Discussion Bias: Objectionable

Comments: The professor leads my discussion as well. On the first day of discussion the professor was completely one sided in her presentation on how History is used by politicians. She gave us hand-outs of two political speeches made in the 80's. One was a State of the Union by Ronald Reagan; the other was a speech by the Reverend Jesse Jackson. The Reagan speech made reference to George Washington in Valley Forge and Lincoln during the height of the Civil War. It was intended to demonstrate American greatness during rough times in American history. The Jesse Jackson speech spoke about union strikes and racial oppression and the existence of black poverty provoked by and created intentionally by white people. The professor presented the Reagan speech as an incorrect way to use history in a speech because it is not the true history of the common man. She said the Jesse Jackson speech was much more telling of the oppression felt by minorities. I began to assert that the history of Lincoln and Washington is the history of all Americans. She cut me off to tell me that individuals of color could not relate to either of those two individuals because their ancestors were enslaved or oppressed at the time. The argument escalated to the point where she essentially said that history for one person is completely different than history to another. I have never experienced this sort of relativism in History.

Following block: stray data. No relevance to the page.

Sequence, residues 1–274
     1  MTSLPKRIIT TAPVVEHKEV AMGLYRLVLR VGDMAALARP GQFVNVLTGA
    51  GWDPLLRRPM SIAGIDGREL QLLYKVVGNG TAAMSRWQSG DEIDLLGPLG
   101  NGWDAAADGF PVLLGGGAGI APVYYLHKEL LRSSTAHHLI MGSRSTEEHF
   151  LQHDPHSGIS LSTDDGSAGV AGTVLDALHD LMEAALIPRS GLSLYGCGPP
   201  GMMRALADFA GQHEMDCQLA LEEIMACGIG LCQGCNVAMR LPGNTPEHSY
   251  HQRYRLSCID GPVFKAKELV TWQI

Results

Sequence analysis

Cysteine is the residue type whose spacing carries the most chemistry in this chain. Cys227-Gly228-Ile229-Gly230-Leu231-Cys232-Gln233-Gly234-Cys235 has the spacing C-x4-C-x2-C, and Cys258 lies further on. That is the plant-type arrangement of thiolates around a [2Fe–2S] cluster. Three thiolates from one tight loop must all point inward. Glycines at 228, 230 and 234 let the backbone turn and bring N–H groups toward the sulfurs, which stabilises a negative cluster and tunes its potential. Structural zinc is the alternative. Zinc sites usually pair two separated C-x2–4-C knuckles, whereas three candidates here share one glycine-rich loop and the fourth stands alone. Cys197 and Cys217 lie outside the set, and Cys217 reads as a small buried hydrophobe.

Readings Bias: None

Comments: The reading is not biased

General Comments: N/A

#10 University of Central Oklahoma (UCO)

Course: Hist 1483: History of US to 1877

Course Catalog Description: A survey of American history from the discovery of the New World through the Civil War.

Professor: Jere Roberson

Required? Yes, for all students

Lecture Bias: Excessive

Comments: Seriously objectionable anti-semitic sentiment such as Israeli mistreatment of "the Palestinians", combined with extreme liberal bias regarding any political idea other than that of the far left, severely criticizing President George W. Bush for his treatment of war with Iraq, and including Afganistan, deeming the war "a massacre". And blatantly calling former President Ronald Reagan "an idiot".

Discussion Bias: Excessive

Comments: Any slightly historical conservative or pro-Israeli comments made by the students are shot down, and severely depressed by his political position in the liberal left.

Readings Bias: Noticeable

Comments: Professor Roberson does not always refer directly to the text, which is "The American Promise", and tests mostly on the lectures, and a web site which he has constructed himself as a help to provide access to relative articles.

General Comments: Dr. Roberson's lectures are purely one-sided discussions, of which students are discouraged to take any other opinion than his liberal ones.